Schmidt said the state has to explore new approaches.

"The world is changing," he said. "We obviously can't keep up with our needs the way we have always done."

Adam Knapp, president and CEO of the Baton Rouge Area Chamber, said in a prepared statement that his group backs the push for innovative financing "given the monumental traffic challenges" in south Louisiana.

U. S. Rep. Garret Graves, a Baton Rouge Republican, also said the public/private partnership push has merit.

"We have to pull every tool out of the tool box to solve this crisis," Graves said.

Graves also said he is still perplexed the the BUMP proposal failed to advance two years ago.

AECOM is the sort of giant firm that could be interested in the state's trial balloon, which is called a Request for Information. The company is a Fortune 500 organization. Two years ago it claimed revenues of $19.5 billion.

AECOM also touted what it called public-private transportation success stories in other states, including a tollway in the Dallas area.

"We welcome AECOM," said Wilson, who was not DOTD secretary two years ago.

Wilson said one of the chief differences now compared to the BUMP proposal stems from a 2016 law sponsored by Senate Transportation Committee Chairman Page Cortez, R-Lafayette. That measure gave the state the ability to solicit public-private partnerships.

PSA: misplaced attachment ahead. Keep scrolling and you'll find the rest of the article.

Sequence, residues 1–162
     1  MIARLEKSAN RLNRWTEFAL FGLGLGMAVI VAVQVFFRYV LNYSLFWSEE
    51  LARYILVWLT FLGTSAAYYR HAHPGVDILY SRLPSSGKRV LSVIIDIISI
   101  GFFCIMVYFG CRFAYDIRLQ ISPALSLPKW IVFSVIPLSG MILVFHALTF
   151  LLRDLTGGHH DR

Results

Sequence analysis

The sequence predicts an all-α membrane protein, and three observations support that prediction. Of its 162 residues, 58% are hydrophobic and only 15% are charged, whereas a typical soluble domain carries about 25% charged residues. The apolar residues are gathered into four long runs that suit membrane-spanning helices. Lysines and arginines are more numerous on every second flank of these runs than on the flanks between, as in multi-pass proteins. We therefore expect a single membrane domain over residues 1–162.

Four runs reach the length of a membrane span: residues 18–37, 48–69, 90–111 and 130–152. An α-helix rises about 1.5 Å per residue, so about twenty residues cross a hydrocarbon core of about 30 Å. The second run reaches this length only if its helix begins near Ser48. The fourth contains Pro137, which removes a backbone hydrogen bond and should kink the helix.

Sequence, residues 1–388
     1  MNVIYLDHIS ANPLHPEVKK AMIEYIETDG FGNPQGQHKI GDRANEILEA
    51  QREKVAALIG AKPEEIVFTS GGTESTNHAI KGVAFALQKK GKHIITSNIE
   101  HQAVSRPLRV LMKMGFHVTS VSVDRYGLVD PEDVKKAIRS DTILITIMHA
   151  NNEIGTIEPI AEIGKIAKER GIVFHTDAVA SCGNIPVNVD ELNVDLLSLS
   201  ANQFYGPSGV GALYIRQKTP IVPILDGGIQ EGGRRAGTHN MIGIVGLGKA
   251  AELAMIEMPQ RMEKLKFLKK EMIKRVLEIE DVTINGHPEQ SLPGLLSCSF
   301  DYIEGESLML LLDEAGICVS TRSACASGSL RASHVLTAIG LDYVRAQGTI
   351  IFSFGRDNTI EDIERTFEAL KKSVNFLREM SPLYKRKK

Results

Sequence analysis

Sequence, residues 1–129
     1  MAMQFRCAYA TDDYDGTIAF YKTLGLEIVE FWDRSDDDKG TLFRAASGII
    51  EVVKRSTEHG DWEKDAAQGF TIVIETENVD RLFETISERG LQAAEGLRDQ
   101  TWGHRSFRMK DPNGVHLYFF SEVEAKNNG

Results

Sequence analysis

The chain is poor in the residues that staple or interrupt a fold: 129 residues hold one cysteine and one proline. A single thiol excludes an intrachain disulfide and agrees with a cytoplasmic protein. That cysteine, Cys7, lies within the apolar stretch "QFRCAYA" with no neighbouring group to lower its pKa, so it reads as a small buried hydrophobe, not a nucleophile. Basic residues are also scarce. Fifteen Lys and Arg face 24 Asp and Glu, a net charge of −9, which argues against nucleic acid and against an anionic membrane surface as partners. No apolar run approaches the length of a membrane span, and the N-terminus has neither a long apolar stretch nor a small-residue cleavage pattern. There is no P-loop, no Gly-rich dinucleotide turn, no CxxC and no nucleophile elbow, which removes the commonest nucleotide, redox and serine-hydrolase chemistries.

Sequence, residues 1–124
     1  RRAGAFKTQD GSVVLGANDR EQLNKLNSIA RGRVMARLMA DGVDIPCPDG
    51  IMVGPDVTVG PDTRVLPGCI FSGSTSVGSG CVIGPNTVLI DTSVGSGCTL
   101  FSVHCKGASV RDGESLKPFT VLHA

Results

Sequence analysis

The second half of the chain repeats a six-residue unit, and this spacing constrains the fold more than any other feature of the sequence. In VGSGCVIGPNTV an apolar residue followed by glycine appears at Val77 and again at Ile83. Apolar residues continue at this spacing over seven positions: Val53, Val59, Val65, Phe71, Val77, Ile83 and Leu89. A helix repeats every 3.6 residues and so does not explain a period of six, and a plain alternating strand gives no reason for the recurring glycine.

Wilson compared the difference to a homeowner putting a house on the market instead of being approached, without prompting, to sell.

"One is solicited; one was unsolicited," he said. "I think this is much more strategic."

Two years ago, AECOM had to go through a little-known state panel called the Louisiana Transportation Authority instead of DOTD.

Kenneth Perret, a former top official of DOTD and now president of the Louisiana Good Roads and Transportation Association, said the newest push is a good mechanism for road improvements.

The crucial issue, Perret said, is whether the Legislature will find dollars for transportation in the 2017 regular session, which begins April 10. "The key is getting more state revenue," he said.

A task force named by Edwards, and led by Wilson, concluded in December that the state needs to spend another $700 million for state transportation needs.

Louisiana has a $13 billion backlog for rank-and-file improvements and a $16 billion list of "mega" projects, including a new bridge across the Mississippi River south of the current "new" bridge.

The plan is to divide any new money between maintenance and new projects.

The BUMP proposal two years ago also was hampered by the fact that only parts of the 23-mile corridor were on the priority plan used by DOTD.

The list of projects that could benefit from any public-private partnership today is topped by the widening of I-10 between the bridge and the split, up to $400 million.

Others include widening I-10 between La. 73 and La. 22; widening I-10 between La. 415 and La. 1; and improved interchanges at I-10 and La. 30 in Gonzales and I-10 and La. 22 near Sorrento.

Proposals could include all or some of those in DOTD's list, or even the BUMP.

Wilson said that, while a new Mississippi River bridge remains a priority, preliminary work is further along on the I-10 widening between the bridge and the I-10/12 split.

"It is both, not either or," he said.

Follow Will Sentell on Twitter, @WillSentell.